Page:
Oklahoma City, OK 73105
For Immediate Release: March 1, 2011
Chairman of the Oklahoma War Veterans Commission Admiral
Wesley V. Hull, Preservation Fund
President Charles Ford, Portrait Sponsor Sen. Cliff Branan, and
Artist Mike Wimmer
Admiral Hull and Sen. Cliff Branan unveil Admiral Clark's
portrait in the Senate Chamber.
Sen. Branan applauds the most recent addition to the State
Capitol art collection.
Artist Mike Wimmer discusses his work on Admiral Clark's
Admiral Wesley Hull, Chair of the Oklahoma War Veterans Commission,
discusses Admiral Clark's many military awards.
Senate dedicates portrait of Admiral J.J. “Jocko” Clark
Highest ranking Native American naval officer in U.S
The Senate dedicated a portrait Tuesday afternoon
of Oklahoma-native Admiral Joseph James “Jocko” Clark.
The portrait, commissioned by the Oklahoma State Senate Historical
Preservation Fund and sponsored by Sen. and Mrs. Cliff Branan, was
painted by world-renowned artist and Oklahoma City resident Mike
“Admiral Clark was an important Oklahoman deserving of honor
and remembrance at the Oklahoma State Capitol. Clark was the first
Native American to graduate from the United States Naval Academy
and had a very distinguished military career,” said Charles
Ford, president of the preservation fund.
Born near Chelsea in Indian Territory in 1893, Clark attended Willie
Halsell College in Vinita and Oklahoma A&M College (now Oklahoma
State University) in Stillwater. In 1913, he received an appointment
to and was the first Native American to graduate from the United
States Naval Academy.
During WWI, Clark was a destroyer commander. He graduated from the
Naval Flight School in Pensacola
in 1925. During WWII, he commanded the USS Suwanee (ACV-27) and
the USS Yorktown (CV-10).
Clark was promoted to Rear Admiral in January 1944 and commanded
the Task Force USS Hornet (CV-12) in the Battle of the Philippine
Sea. During the Korean Conflict, Clark was the commander of the
Seventh Fleet. He was famous or his self-proclaimed “Cherokee
Strikes,” where he concentrated his fleet’s efforts
on the destruction of enemy weapons and supplies behind enemy lines.
The Cherokee Strikes served as a much-needed morale-boost for American
“Not very often does an individual come along with such strength
of character, honor and dedication to his country. Admiral Clark
gave over 40 years of his life in service to the country he loved,”
said Sen. Branan. “My father served as a Naval Carrier Fighter
Pilot in the same theater in World War II as Admiral Clark. For
this reason, my family and I are so proud to sponsor this work to
ensure that his legacy and contributions to the freedoms, we so
often take for granted, are never forgotten.”
Sen. Cliff and Connell Branan reside in Oklahoma City with their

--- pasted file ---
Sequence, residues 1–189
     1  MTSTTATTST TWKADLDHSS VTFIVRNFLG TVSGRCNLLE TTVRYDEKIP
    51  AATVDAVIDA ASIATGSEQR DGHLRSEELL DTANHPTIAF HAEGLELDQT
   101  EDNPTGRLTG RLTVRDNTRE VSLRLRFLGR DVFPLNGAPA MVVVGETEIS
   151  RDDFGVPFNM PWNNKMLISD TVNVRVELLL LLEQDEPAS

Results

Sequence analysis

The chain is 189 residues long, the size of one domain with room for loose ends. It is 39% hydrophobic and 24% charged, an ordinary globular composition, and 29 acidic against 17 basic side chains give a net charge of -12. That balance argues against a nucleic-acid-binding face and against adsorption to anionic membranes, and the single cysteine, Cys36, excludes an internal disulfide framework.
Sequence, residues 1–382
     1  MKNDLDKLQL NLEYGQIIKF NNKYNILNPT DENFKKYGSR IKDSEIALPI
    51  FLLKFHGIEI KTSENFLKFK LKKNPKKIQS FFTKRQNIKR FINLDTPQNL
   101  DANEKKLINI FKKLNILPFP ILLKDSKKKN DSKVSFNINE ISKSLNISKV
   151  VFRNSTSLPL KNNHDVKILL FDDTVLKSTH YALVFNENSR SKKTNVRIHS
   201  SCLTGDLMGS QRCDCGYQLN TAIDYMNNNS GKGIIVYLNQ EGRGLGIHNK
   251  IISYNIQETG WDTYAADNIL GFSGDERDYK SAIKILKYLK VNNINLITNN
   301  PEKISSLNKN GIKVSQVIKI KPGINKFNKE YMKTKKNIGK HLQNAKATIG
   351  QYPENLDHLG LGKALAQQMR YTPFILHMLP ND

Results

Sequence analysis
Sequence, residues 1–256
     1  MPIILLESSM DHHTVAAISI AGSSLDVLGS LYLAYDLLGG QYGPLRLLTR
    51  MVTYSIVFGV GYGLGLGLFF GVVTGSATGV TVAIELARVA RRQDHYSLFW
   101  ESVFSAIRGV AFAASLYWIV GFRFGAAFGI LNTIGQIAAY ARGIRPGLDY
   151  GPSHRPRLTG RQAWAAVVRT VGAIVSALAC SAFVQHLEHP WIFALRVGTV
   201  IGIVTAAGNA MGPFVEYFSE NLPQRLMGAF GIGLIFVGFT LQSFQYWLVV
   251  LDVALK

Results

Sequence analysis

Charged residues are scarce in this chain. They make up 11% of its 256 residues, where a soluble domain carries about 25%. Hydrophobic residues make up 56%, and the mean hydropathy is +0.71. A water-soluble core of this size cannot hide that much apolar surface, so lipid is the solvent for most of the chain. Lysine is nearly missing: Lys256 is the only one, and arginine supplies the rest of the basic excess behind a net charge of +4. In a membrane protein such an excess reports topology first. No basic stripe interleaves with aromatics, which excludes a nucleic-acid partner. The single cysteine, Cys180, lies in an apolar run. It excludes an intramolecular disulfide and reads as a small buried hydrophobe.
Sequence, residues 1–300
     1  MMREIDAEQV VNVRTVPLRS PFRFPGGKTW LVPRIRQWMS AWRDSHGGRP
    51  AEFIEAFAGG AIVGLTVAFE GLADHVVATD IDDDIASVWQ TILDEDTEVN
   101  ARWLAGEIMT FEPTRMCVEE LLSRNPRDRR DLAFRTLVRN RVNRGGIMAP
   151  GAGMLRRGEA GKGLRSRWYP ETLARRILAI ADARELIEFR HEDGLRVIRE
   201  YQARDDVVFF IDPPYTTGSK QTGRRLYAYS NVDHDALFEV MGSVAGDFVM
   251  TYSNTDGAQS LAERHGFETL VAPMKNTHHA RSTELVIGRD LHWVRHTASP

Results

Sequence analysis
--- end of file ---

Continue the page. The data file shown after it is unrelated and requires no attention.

two children, Ford and Langley. In his third and last term of office
representing Senate District 40, Sen. Branan owns Branan Property
Company, which he started in 1995.
Artist Mike Wimmer noted that the oil painting took two weeks to
complete. He worked with the Navy to gather information about Clark’s
accomplishments and was provided with two photos to create his work.
“Certain pieces resonate with me more than others and this
was one of them. My father was in the Air Force and both my brothers
were in the Navy, so it was a great honor for me to paint Admiral
Clark’s portrait. Admiral Clark’s service impacted the
history of our country, touched thousands of lives, and served as
a role model for his fellow Native Americans and Oklahomans,”
said Wimmer. “Our veterans don’t always get the respect
and honor they deserve for the sacrifices they make for our country.
I hope my work is a fitting tribute to this incredible American
and Oklahoman. I’m proud to have had an opportunity to be
a part of this special project.”
Admiral Wesley V. Hull, Chairman of the Oklahoma War Veterans Commission
attended the ceremony and discussed Clark’s military awards,
which include the Distinguished Service Medal, Navy Cross, Silver
Star, and the Legion of Merit among others.
After his retirement from the Navy in 1953, Admiral Clark lived
in New York City and was chair of a construction and investment
corporation. He was made honorary chief of both the Sioux and Cherokee
nations. He was also honored in 1969 by the National Aeronautic
Association with the Elder Statesman of Aviation Award. He died
on July 13, 1971, at the Naval Hospital in St. Albans, New York
and laid to rest in Arlington National Cemetery.
In honor of Admiral Clark, the Navy named a guided-missile frigate
the U.S.S. Clark (FFG-11) in 1980, a ship nicknamed the “Determined
For more information contact:
Sen. Branan: (405) 521-5543
Pam Hodges – email@example.com